The first year I taught 5th grade, I came upon a great idea for previewing chapter books with readers–the idea being that you teach them how to do it together with a whole class read aloud and then they’d hopefully begin to transfer the process to independent reading. Well, I can’t say that that ever happened, and I don’t even teach 5th anymore to try again, but what I do know is that the process worked well enough that I decided to revive it for a try in first grade.
I believe that our newest chapter book is the 21st we’ve shared together this year. Yes, I said 21st! That’s amazing, no? We agree. 🙂 Well, if you’ve been following our read aloud timeline progress and updates, then you know we enjoy short books with funny characters, interesting pictures and exciting adventures, and that we’ve become fans of Kate DiCamillo (we’ve read 7 of her books!). Once along the way, we tried something a little longer and more complex, and started reading The Lemonade War (I have read the series and also heard once of a whole school doing this as a RA and thought I’d try it with my crew), but quickly abandoned it when it seemed like we weren’t ready for something with such little support for readers (well, listeners in this case).
Well, recently it was my turn to choose the title (since they’d had control of the previous 15!) and I introduced them to the amazing world of The One and Only Ivan. They did great with that one, even without pictures and even though it was super long.
Well…it was my turn again, and with the help of my friend Millicent (to whom I should really give the credit for choosing the book with her mom), and the choice was the classic The Wizard of Oz. I was willing to try it with this crew both because I think we’re more ready that earlier in the year, and because I wanted to try it with my own first grader last year (when it was suggested on a list by NPR for their Backseat Book Club).
As we were getting started, though, I wondered if there was something I should do this time around to help support my kiddos, since the story is much more complicated that others we’ve read. That’s when I thought of how I’ve brought so many other things from my 5th grade days to 1st grade and they’ve gone really well. I knew I had just the thing to try, and it was our Read Aloud Preview Packets.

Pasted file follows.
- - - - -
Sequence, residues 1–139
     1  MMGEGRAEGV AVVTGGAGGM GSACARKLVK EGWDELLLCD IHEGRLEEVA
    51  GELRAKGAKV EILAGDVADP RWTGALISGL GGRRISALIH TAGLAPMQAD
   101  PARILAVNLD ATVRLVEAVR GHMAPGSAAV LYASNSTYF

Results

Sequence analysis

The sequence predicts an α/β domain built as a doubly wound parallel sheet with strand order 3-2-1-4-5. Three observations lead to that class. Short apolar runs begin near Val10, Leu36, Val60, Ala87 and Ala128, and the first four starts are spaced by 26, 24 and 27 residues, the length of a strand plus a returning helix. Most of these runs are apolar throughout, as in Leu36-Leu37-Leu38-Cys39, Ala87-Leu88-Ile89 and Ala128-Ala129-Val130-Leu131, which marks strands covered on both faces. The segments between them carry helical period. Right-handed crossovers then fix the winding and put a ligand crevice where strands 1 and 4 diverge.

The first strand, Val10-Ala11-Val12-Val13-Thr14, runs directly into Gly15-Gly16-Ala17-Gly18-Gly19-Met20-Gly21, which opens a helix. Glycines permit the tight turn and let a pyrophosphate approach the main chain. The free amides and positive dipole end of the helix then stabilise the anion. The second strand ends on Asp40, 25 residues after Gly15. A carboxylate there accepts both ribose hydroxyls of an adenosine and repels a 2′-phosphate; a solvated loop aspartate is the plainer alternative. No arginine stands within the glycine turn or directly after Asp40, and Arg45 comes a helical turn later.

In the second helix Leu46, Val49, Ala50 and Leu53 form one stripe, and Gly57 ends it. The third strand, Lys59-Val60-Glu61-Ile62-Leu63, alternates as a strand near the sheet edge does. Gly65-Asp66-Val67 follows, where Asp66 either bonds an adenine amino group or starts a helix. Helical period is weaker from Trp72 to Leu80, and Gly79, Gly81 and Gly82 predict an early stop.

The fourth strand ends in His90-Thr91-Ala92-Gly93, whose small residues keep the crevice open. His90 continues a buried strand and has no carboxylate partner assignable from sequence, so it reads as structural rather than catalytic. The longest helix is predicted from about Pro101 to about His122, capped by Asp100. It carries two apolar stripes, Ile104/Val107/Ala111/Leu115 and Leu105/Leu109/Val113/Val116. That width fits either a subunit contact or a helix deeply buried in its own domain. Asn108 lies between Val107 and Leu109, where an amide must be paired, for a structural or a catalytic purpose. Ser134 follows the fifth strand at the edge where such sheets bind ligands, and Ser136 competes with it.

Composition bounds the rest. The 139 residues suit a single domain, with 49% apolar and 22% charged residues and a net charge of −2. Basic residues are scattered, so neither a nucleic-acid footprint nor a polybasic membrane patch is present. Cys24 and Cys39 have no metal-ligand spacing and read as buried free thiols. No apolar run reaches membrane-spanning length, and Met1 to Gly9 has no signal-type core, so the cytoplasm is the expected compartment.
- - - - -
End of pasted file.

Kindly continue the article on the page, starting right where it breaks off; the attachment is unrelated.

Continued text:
With 5th graders, each kid actually had their own paper copy of the packet, on which they’d write questions, inferences, noticings and whatever else they needed to help them digest the story. I figured that this time, since it was our first time, we’d try it together and then maybe I’d give them a go at it on their own.
Tuesday, then, we sat down together and I opened our class copy in Word on the ActivBoard. Here’s how our conversation went:
Starting with the front cover, we studied and analyzed, pulling up all the schema we had as well as recording wonderings we had based on the picture. This one was different than the actual cover of our book (which is a beautifully bound green leather copy), so I grabbed one that I thought would create a good conversation.
Then we were on to the back cover. Again, our actual cover was just green, so I found one that we could talk about:
Next was the Verso and Dedication. Well, this one didn’t have a dedication, but we talked about what that word meant, and what it might say if there was one. This next part was really also just an explanation of what a verso is and what you can learn from studying it.
Moving on, we looked at a special feature of this book: a map! We had read another book with a map (Who Is Stealing the 12 Days of Christmas?) and so connected to that knowledge as we thought of how this one would help us as we go through the story.
The next (and last) part in the preview is usually just the first page, but this book also had an introduction, so we did that one, too. The goal of this step was to help kiddos get their minds set to dig into the story. Baum wrote his introduction to explain his purpose and intentions with the story, and so it was a great conversation about how he wanted his Wizard to be different than previous fairy tales known to readers.
We didn’t actually read the first page, because kids were done (and I knew that we’d be reading it the first day anyway), but finished our conversation with mention of how many of them were coming into this book with experience seeing TWOO movie (two different versions, actually). We talked briefly about how different books and movies usually are because they’re made by different people, and how we could keep track of these similarities and differences as we read.
Whew! I’m so glad we did that! I wasn’t quite sure how it would go, but Rm. 202 kids seemed really into it, and they had lots to say during our discussion. We’re only about 6 pages in, but it seems like they’re already mesmerized by a great classic story and I am, too–I’ve never read it, either! Here’s to another GREAT read aloud!!
So glad to hear they are sticking with this book — it’s quite different from the movie and some of his stories can be a little out there :). Though you do start to see a pattern. I had no idea he wrote so many stories with these characters and really created a whole world with them, until we got this book. There are apparently a couple of other volumes too, but they are super hard to find now — especially in the pretty green binding, those were apparently a limited printing. Glad we grabbed the one we did!
It is going so well! We figured out another way to support our thinking–which I won’t give away here but will share in another post–and it’s still going so well. I’m pretty sure every day they say how good it is, and it’s great to see them be able to think (and visualize) differently than they did with complex text at the beginning of the year. Thanks for letting us borrow your book!
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